x∈[a,b]

s.t.

x ∈ S,

(2.14)

where f1 , f2 , g are monotonically increasing functions in x and a ≤ b and S = G ∩ H with G normal and H conormal. In typical communications scenarios, such as the interference channel mentioned earlier, we can write the signal-to-interferenceand-noise ratio from the log-term as a difference of two log-terms. Therefore, a Concave fractional program

Dinkelbach’s Algorithm

concave / convex

max x

s.t.

f (x ) g(x ) h k (x ) ≤ 0 ∀k = 1 , ..., K

Fractional program

arbitrary / convex

max x

s.t.

f (x ) g(x ) h k (x ) ≤ 0 ∀k = 1 , ..., K

Monotonic programming K

log2 (1 + γk )

max p

k =1

− λ j (μk pk + Ψk )

Figure 2.1 Illustration of Dinkelbach’s Algorithm with monotonic programming

Optimization techniques for energy efficiency

35

representation as in (2.14) is possible. In the EE expression, the function g is usually linear in the transmit power with non-negative coefficients. Starting from the representation in (2.14), it is possible to introduce an auxiliary variable t and move the decreasing term f2 + λg to the constraint set [12, Section 11.1.3], i.e., ⎧ max ⎪ ⎪ t,x ⎪ ⎪ ⎪ ⎨ s.t. ⎪ ⎪ ⎪ ⎪ ⎪ ⎩

f1 (x) + t f2 (x) + λg(x) + t ≤ 0 − f2 (b) − λg(b) ≤ t ≤ −f2 (a) − λg(a)

(2.15)

x ∈ S ∩ [a, b].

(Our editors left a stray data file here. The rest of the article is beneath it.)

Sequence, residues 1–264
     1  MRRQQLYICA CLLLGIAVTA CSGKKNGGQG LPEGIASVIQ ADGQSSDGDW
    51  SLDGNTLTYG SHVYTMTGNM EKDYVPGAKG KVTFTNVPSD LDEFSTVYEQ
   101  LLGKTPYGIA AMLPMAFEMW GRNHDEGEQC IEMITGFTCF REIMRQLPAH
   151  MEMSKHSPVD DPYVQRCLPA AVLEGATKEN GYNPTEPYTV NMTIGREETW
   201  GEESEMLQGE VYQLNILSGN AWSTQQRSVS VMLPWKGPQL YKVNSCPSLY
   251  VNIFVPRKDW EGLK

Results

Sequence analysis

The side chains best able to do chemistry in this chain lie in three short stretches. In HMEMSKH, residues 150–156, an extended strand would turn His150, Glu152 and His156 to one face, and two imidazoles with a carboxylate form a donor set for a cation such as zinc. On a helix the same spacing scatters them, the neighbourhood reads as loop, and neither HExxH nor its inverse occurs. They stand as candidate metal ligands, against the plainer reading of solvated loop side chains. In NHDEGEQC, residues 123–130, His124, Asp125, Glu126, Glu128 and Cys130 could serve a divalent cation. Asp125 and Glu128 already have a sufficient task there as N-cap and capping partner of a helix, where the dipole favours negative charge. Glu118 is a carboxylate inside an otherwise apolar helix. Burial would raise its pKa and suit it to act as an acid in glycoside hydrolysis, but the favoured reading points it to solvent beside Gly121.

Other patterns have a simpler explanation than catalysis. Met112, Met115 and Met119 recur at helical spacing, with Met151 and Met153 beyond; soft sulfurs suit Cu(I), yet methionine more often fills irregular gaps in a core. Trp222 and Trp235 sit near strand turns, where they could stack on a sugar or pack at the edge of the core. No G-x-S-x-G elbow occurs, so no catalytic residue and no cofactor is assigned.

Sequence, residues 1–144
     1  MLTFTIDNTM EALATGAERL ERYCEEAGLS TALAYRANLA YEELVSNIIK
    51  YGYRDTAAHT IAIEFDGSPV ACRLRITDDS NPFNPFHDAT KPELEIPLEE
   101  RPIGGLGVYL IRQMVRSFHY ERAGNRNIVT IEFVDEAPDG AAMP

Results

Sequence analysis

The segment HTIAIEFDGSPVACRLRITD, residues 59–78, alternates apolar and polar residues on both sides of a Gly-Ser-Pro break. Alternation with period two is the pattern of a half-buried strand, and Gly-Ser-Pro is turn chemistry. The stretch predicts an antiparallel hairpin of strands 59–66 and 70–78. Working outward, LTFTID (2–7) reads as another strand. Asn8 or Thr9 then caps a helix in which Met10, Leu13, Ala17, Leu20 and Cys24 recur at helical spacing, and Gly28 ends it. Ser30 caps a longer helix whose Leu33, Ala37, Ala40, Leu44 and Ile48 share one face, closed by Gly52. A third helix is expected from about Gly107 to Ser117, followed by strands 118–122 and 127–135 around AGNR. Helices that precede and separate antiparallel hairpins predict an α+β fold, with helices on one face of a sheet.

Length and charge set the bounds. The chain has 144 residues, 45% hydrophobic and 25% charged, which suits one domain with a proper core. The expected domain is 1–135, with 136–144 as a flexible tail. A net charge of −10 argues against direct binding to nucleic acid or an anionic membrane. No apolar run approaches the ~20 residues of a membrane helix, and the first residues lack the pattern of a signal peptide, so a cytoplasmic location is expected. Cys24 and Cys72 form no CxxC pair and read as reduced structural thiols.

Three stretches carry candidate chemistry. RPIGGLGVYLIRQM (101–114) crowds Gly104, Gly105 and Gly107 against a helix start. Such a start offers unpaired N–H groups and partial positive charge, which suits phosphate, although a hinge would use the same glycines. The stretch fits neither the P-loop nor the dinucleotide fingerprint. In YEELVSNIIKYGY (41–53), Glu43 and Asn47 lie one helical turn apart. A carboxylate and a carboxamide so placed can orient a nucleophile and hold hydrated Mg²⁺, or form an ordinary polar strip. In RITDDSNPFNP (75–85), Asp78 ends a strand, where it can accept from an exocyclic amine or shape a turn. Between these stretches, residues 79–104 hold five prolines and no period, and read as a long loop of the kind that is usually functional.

This is a monotonic optimization problem and usually solved with the Polyblock algorithm [12,20,21]. Thus, the inner optimization problem in Dinkelbach’s Algorithm can be solved with global optimality by monotonic programming as illustrated in Figure 2.1 on the lower right hand side. This approach is known as Fractional Monotonic Programming [19]. While this approach integrates nicely into existing algorithms and is coherent with the overall development and trends in global optimal resource allocation, it has the downside of having very high computational complexity. This is because for each outer Dinkelbach iteration a complete inner monotonic programming problem has to be solved. In addition, the complexity is even further increased due the additional auxiliary variable introduced in (2.15). Finally, the inner monotonic programming algorithm might not converge in finite time and, in that case, does not produce an ε-optimal solution. Another option for combining Dinkelbach’s Algorithm with another solution approach for general fractional programs is to apply a suboptimal solution technique like sequential convex programming. This combination was proposed in [22] to solve resource allocation problem for general interference networks and is discussed in Section 2.5. For this combination, it is very important to note again that the convergence of the Dinkelbach method is only guaranteed if the inner problem is solved globally. Therefore, the sequential convex approximation has to be performed outside, while the Dinkelbach’s Algorithm runs as the inner optimization of the resulting concave–convex fractional program. In Figure 2.2, the combination of outer convex sequential programming and inner Dinkelbach’s Algorithm is illustrated. The general fractional program on the lower left-hand side is solved by iteratively computing convex lower bounds for the numerator, illustrated on the lower right-hand side, and then each convex–concave fractional program is solved by Dinkelbach’s Algorithm shown on the right upper corner. In this section, we have reviewed three ways to handle the inner optimization problems applying Dinkelbach’s Algorithm for fractional problems. However, for the global optimum solution, we could not present an efficient implementation. This motivates the search for alternative global programming methods in the next section.